Tuesday, April 27, 2010

Accolades for Toronto NanoTech Start-Up Continue

Congratulations to our client Vive Nano for receiving Frost & Sullivan’s 2010 North American Technology Innovation of the Year Award for its encapsulation technology to synthesize nanoparticles. During a week of local venture capital contraction, it's nice to be reminded why there are compelling reasons to be optimistic about our future as an innovation centre.

Monday, April 12, 2010

The Immigrant Opportunities Fund

...Okay, there isn't one. But there should be. Here's why:

1. Regional venture capital has lost its appeal. If you ask any North American VC left standing(or bettter yet, their former limited partners), they will tell you that there is very little appetite for the classic venture capital model in any region outside Silicon Valley.

2. As traditional lps lose interest in general venture capital, new players are embracing purpose-driven opportunities. Regional funds focusing on investments that make the world better (clean water, social philanthropy, micro-entrepreneurs) in have particular done better in attracting investors.

3. Helping immigrants who are innovators prosper is not only part of our business history, it's great business today. There are only 33 million of us in Canada, and while we are all thinking as hard as we can, we lack a critical mass that would allow us to play a meaningful role in innovation (and attract meaningful investment) unless we grow our entrepreneurial base through acquisition. It won't do to wait for our base to grow organically, either. The only person ever to profit from natural evolution was Darwin.

4. Current global conditions seem to be creating a unique opportunity. Innovation clusters in places such as Israel and South Africa are finding themselves short of growth capital as US VCs close up shop and retreat. Our own tech entrepreneurs, many of whom have strong ties to both regions, may be able to leverage our proximity to the US with the US limit on work VISAs to attract and grow a larger pool of entrepreneurial talent.

5. A fund focused on investing in (and attracting) immigrant innovation may better leverage government money: there is a growing realization at all levels of government that job creation comes from emerging business, not established ones. Last weekend, the New York Times' Thomas Friedman quoted Robert Litan of the Kauffman Foundation: " Between 1980 and 2005, virtually all net new jobs created in the U.S. were created by firms that were 5 years old or less....That means that established firms created no net new jobs during that period." Government funding available for job creation in high growth industries makes Canada a compelling candidate for emerging immigrant businesses and is a compelling partner for any private fund investing in this sector.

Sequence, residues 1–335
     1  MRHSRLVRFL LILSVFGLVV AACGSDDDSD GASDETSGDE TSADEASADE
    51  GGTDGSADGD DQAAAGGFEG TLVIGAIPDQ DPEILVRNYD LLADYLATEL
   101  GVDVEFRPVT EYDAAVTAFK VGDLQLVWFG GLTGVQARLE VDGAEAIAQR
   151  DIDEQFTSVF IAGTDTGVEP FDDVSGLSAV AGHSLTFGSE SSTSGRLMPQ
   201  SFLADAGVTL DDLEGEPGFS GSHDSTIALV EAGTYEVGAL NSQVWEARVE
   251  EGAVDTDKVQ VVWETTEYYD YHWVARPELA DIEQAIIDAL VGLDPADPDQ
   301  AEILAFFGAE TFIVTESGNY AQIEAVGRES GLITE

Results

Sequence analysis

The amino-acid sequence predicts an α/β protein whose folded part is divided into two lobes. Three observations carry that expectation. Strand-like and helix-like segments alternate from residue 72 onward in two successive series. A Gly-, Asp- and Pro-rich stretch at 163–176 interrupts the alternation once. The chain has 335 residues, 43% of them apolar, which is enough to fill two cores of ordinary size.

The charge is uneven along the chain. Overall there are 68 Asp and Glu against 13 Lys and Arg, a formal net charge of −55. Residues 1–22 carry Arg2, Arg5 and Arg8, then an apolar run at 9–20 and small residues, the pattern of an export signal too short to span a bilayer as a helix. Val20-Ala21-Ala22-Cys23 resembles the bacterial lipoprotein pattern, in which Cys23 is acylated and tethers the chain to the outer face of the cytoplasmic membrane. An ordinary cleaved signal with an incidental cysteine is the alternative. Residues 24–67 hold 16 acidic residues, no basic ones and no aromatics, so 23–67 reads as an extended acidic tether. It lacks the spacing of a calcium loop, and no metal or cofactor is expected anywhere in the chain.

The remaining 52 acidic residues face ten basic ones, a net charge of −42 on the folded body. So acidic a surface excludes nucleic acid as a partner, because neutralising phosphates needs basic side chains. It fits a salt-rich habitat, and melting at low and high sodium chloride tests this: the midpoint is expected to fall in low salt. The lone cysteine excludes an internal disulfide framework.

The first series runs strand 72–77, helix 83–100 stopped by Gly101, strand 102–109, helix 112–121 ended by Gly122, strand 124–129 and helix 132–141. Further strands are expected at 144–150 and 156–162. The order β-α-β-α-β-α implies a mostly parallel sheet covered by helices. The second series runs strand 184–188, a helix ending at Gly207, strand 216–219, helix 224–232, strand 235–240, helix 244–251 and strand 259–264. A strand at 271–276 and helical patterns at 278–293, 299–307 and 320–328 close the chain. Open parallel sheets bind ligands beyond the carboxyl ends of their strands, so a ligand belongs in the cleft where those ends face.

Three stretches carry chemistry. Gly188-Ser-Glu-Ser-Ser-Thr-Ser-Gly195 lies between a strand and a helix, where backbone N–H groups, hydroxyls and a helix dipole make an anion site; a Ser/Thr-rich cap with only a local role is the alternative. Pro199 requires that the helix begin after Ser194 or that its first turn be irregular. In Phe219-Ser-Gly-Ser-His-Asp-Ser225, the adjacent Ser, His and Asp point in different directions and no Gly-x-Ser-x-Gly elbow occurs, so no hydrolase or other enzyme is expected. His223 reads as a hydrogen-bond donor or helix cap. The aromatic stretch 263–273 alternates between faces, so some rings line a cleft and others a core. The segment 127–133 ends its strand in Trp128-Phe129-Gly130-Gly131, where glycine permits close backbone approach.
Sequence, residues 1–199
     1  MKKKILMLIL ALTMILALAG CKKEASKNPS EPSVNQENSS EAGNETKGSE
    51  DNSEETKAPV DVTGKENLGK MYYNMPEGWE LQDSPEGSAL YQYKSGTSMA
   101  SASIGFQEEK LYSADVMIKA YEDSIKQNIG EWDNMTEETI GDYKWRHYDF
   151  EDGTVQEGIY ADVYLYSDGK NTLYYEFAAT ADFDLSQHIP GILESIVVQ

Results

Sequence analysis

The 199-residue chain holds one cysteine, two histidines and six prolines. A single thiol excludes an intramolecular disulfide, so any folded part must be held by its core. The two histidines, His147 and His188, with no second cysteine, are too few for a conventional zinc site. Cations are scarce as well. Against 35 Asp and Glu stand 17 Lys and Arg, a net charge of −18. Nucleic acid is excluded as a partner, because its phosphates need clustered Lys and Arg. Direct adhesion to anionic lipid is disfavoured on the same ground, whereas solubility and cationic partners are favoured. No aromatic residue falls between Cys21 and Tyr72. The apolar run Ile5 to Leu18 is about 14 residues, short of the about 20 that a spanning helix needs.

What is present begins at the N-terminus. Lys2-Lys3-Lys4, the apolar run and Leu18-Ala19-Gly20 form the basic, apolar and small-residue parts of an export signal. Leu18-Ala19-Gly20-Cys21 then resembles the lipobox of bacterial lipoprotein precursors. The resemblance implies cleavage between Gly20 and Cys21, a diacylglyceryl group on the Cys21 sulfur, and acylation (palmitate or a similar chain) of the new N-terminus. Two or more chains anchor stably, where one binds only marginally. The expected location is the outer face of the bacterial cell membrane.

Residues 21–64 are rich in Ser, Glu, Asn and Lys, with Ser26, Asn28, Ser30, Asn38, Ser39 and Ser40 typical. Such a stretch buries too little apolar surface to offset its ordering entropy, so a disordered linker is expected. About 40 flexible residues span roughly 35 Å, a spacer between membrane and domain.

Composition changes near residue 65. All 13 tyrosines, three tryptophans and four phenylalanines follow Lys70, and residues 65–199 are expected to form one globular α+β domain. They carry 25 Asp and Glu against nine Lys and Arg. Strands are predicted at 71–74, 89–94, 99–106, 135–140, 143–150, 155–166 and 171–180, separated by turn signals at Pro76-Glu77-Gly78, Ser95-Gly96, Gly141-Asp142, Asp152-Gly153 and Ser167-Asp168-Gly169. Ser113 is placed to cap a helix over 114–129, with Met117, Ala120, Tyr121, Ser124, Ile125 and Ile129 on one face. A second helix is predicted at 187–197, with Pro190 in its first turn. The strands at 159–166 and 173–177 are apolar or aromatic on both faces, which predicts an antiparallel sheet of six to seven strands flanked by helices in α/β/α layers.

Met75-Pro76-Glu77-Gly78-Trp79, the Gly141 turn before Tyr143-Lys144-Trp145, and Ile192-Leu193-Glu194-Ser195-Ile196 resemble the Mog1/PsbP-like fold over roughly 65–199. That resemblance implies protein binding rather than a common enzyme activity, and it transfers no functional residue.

6. Canada has only a few years at best before we lose the ability to carve out a leadership role in this niche: The need to attract and retain foreign students and entrepreneurs has reached mainstream discourse in the U.S. Right now it seems as if the failure of Congress to figure out how to pass any legislation is all that stands between it and immigration reform. It would be nice to lead, not follow.

Canada is replete with unspent fund of funds money, and business magnates with strong ties to their countries of origin - the ideal set of limited partners. Is there anyone who'll take on the task?

Wednesday, April 07, 2010

So Far, April Really Is the Cruellest Month

Toronto, 4:45 a.m:
I am accepting some kind of award from former secretary of state Madeline Albright when the chirping starts. Somewhere, a bird bar has closed for the night and all the birds who didn't find a mate have headed to the park across the street to troll for action. Looking for Mr. Goodbird is happening right outside my window.

4:51 a.m:
I give up on sleep and go to my office to start today's blog post. My dog seems unusually excited about this week's entry. She starts roaming the house and I don't think anything of it until I hear her heading to the basement, which is her emergency rest stop when she is having intestinal distress.

4:53 a.m:
I love the smell of Pinesol in the morning.

5:11 a.m:
I let the dog in the backyard to complete any unfinished business. I can't see what she's doing. I hope she's not eating grass.

5:18 a.m:
Back at computer. A distant rumbling sounds from the main hall. She ate grass. I come downstair and step in dog vomit. Warm dog vomit.

5:19 a.m:
Pinesol also comes in lavendar scent and is safe for wooden floors. Why is no one else waking up? I exhume my buried hostility over husband's seeming inability to hear crying babies at night, too. Inconsiderate bastard.

5:38 a.m:
Starbucks instant coffee does NOT taste as good as a brewed pot. Tim Horton would never lie to me like this.

5:44 a.m:
Birds are beginning to sound needy and desperate. SHUT UP SHUT UP SHUT UP. Haven't they heard of The Rules? Playing hard to get is more effective.

5:59 a.m:

I consider arming self with son's paintball gun and going hunting. Benefits outweighed by thought of Leila Boujnane's outrage. French people are awfully protective of birds when they are not stuffing them in cages and forcefeeding them so there will be foie gras for brunch.

Springtime is for insomniacs.